The art of choosing Semantico art

Semantico art

Our lovely new office walls at Semantico Towers are decorationally deficient. We need beauty in our workplace, but what to get – paintings, sculpture, wall graphics? The call has gone out for art and marketing has answered. It’s all too exciting …

Let’s start at the very beginning

Being a marketer, I set about the task with agency-style briskness and efficiency (!) by creating a list of criteria to help shape my thinking, hone my online searches and set a brief (of sorts):

  • The art should reflect the company, the brand.
  • The art should inspire, be easy on the eye, and have an element of longevity.
  • Orange. Can I team with the theme of Pantone 021?
  • Digital publishing for the academic and scholarly world: it’s what we do, but should this be represented in our artwork, and how?
  • Work within budget as set.

It looks easy, but remember it’s not personal

I like a challenge, but this brief is harder than it looks. The chief reason is that selecting artwork is an act of self-expression.

The artwork we display says a lot about us. Artists express themselves through their imagination and creativity, and through the art we select, buy and place in our homes/places of work we do the same. Visual communication is a key element of Semantico’s offering and we want to reflect this in our work space and represent the spirit and personality of the company (and people) who inhabit it.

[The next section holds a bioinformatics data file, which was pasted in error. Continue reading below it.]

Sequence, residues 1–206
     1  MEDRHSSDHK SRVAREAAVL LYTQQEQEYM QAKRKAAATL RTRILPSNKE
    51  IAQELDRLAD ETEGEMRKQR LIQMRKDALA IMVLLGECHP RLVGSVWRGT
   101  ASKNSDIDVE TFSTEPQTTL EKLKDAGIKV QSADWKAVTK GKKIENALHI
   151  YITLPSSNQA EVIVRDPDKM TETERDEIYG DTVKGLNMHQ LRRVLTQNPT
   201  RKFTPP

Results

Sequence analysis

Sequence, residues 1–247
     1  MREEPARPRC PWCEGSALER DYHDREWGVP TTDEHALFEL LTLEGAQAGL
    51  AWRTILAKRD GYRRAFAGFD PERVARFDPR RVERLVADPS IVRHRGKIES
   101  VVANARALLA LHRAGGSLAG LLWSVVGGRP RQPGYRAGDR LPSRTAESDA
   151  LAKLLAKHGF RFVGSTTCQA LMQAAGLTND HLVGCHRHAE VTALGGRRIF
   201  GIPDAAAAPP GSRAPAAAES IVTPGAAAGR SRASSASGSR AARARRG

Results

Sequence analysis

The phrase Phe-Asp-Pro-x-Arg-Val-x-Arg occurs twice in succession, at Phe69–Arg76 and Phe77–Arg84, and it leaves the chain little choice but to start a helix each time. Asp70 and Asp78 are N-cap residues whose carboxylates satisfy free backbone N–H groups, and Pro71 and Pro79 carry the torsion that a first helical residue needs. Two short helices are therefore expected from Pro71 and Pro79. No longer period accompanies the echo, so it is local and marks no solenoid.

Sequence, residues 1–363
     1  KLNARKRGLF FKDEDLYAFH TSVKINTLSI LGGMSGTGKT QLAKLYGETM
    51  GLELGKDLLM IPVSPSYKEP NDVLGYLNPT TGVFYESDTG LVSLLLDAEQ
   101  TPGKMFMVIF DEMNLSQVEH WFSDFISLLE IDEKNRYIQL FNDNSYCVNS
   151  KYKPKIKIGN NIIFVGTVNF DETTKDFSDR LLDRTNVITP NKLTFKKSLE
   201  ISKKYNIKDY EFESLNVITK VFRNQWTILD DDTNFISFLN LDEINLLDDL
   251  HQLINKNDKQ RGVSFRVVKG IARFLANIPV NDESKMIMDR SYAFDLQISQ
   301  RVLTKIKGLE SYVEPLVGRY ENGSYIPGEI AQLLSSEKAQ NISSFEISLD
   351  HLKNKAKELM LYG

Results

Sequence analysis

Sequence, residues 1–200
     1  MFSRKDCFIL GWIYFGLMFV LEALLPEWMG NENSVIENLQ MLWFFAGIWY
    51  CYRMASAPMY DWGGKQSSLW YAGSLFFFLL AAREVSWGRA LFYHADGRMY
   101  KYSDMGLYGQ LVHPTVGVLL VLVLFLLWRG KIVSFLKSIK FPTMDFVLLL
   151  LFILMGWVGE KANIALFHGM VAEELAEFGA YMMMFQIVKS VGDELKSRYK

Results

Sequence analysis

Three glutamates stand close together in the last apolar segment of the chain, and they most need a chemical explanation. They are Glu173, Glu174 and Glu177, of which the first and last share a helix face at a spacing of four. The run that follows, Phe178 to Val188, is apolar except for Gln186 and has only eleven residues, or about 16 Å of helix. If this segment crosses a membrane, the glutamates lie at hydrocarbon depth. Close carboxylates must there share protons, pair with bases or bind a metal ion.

More than working on our corporate brochures, events, collateral etc, I found myself taking this task to heart. I’ve just got to remember that it’s not personal.

The story so far …

Here are some of my initial ideas. They come in a variety of media and include wallpaper, lighting and modern art classics. Most are out of budget and some are just plain quirky; but they’re all inspiring, and that’s what sparks creativity, ideas, laughter, discussion and even the odd heated debate (all of which are welcome at Semantico).

ps: The fat lady hasn’t sung just yet, so we’ll keep you posted as and when we finally choose something!

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4 Responses to “The art of choosing Semantico art”

  1. Macca

    Good luck! I’ve been tasked with an almost identical project and it’s not an easy thing to do. Personal tastes differ and peoples view of art vary wildly especially what they consider ‘good’.

    Reply
    • Clare Wratten

      Thanks for your support, and best of luck to you too! I love the project and am glad that it has come my way; but you’re right in that it all comes down to taste in the end. What fills me with dread is not choosing something that people hate, rather picking a mild-mannered piece that provokes no response. I am aiming for perfection and universal approval: perhaps I am setting my sights too high?!! Let me know how you get on.

      Reply
      • Macca

        Perfection and universal appeal is a lofty goal – good luck with that! Provoking a response is definitely better than bland acceptance. Be brave!

        Reply
  2. Karen Jemma

    If you are looking for Art why don’t you try getting in touch with the University, you could give them a brief about yourselves/ company and see what they come up with? My daughter is planning on studying art at University in September and this is the sort of project that Unis love.

    Reply

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